“Even the darkest moments of the liturgy are filled with joy, and Ash Wednesday, the beginning of the Lenten fast, is a day of happiness, a Christian feast.”
In 1958 Thomas Merton wrote an essay titled, “Ash Wednesday,” which offers a reflection on the relationship between penance and joy found in the celebration of the beginning of Lent and the marking of our foreheads with ashes. Instead of me rambling on and on here today, I thought it would be good to share more from Merton himself. You can read the entire essay in Seasons of Celebration (FSG 1965), 113-124.
“Ash Wednesday is for people who know that it means for their soul to be logged with these icy waters: all of us are such people, if only we can realize it.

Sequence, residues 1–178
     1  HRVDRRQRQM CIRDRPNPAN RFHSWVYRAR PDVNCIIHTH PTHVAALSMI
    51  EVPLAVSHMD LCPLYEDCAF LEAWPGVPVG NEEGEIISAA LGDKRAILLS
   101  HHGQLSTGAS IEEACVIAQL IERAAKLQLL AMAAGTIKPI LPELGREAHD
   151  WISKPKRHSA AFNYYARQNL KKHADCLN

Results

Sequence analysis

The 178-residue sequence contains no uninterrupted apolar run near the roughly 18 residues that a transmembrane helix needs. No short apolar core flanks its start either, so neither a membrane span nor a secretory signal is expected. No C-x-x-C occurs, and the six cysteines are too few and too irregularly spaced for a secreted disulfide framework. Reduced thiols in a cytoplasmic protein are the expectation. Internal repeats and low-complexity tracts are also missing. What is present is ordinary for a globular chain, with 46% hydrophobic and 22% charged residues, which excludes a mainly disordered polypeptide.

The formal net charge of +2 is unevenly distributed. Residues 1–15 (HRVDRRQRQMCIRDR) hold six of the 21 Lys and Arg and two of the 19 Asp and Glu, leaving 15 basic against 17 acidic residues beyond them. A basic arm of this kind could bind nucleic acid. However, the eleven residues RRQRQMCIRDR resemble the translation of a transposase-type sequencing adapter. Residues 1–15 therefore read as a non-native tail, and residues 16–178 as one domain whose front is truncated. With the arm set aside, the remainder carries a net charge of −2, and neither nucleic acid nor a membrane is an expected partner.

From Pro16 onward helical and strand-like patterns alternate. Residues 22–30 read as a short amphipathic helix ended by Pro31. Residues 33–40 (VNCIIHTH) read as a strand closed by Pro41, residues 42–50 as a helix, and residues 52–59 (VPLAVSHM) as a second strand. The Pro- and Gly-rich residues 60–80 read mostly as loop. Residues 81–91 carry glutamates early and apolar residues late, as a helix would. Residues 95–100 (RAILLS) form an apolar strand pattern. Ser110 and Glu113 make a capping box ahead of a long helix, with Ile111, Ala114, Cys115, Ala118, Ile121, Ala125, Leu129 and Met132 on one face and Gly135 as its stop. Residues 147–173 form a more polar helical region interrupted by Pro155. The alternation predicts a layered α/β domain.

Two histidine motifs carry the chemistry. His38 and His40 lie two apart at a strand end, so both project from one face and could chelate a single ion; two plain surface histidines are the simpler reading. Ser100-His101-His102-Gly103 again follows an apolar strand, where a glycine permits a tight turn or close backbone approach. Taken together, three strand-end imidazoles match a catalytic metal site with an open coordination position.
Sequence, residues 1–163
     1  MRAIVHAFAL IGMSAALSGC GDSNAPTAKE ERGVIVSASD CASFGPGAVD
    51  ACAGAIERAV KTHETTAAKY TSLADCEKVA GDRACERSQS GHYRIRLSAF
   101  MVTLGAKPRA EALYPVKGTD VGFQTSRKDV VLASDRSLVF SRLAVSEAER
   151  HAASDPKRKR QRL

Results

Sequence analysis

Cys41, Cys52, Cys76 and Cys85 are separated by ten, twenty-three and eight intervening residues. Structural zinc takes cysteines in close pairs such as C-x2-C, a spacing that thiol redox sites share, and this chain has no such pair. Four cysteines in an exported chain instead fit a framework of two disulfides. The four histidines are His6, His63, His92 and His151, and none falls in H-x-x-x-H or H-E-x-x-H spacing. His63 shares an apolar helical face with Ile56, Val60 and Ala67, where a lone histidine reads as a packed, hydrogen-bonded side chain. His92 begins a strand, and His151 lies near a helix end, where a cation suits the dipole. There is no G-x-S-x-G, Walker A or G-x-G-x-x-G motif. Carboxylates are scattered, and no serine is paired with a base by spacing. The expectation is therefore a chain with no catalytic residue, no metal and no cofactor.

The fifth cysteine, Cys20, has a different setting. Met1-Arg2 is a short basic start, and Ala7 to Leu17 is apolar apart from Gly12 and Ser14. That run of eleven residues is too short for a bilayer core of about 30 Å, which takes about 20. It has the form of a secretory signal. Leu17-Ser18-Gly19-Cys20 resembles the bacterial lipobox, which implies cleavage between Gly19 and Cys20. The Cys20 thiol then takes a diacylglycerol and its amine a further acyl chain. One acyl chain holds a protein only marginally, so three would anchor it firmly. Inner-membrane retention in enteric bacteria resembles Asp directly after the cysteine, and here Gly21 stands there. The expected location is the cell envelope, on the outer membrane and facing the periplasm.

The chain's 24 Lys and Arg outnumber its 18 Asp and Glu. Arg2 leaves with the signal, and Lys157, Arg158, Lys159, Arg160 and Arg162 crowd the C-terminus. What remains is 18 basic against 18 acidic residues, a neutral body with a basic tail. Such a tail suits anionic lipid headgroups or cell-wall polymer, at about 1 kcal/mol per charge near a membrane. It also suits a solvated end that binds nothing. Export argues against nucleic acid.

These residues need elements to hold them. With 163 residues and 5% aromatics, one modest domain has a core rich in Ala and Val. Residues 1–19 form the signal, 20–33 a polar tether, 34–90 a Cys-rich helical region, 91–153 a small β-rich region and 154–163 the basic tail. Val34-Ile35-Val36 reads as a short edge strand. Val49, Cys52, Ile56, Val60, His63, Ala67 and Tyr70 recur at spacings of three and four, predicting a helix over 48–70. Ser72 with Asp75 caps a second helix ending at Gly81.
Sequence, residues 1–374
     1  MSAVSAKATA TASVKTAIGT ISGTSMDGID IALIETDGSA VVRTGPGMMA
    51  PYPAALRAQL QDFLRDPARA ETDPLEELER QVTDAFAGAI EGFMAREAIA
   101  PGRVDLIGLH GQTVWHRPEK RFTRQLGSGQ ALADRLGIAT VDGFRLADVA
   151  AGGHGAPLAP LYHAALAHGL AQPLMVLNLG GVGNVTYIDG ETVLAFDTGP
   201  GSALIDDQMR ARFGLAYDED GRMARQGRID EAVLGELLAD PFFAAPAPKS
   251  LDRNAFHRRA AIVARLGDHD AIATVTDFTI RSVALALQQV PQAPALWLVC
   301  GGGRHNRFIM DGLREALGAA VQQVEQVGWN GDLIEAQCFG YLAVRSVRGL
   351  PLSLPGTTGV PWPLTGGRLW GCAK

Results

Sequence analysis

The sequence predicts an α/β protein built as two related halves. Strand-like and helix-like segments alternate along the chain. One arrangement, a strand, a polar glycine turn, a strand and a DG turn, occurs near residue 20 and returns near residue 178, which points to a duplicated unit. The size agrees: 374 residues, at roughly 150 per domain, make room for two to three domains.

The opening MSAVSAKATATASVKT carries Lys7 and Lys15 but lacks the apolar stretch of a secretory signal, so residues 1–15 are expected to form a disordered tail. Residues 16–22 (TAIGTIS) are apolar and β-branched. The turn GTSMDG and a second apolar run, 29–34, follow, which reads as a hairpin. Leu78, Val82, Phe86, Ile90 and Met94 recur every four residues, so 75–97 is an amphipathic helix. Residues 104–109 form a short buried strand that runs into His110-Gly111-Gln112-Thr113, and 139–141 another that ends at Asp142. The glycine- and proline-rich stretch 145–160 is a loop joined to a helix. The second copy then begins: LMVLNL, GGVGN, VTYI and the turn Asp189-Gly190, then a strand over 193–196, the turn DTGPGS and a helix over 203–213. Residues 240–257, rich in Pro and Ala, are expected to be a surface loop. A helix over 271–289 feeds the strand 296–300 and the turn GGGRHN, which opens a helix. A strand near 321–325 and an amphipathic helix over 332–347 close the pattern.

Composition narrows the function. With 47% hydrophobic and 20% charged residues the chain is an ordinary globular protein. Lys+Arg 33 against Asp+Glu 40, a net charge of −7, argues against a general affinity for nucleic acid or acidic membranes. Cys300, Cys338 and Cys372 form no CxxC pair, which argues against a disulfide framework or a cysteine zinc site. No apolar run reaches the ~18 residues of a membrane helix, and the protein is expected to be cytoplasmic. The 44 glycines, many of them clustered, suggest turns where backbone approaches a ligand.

“There is confidence everywhere in Ash Wednesday, yet that does not mean unmixed and untroubled security. The confidence of the Christian is always a confidence in spite of darkness and risk, in the presence of peril, with every evidence of possible disaster…
“Once again, Lent is not just a time for squaring conscious accounts: but for realizing what we had perhaps not seen before. The light of Lent is given us to help us with this realization.
“Nevertheless, the liturgy of Ash Wednesday is not focussed on the sinfulness of the penitent but on the mercy of God. The question of sinfulness is raised precisely because this is a day of mercy, and the just do not need a saviour.”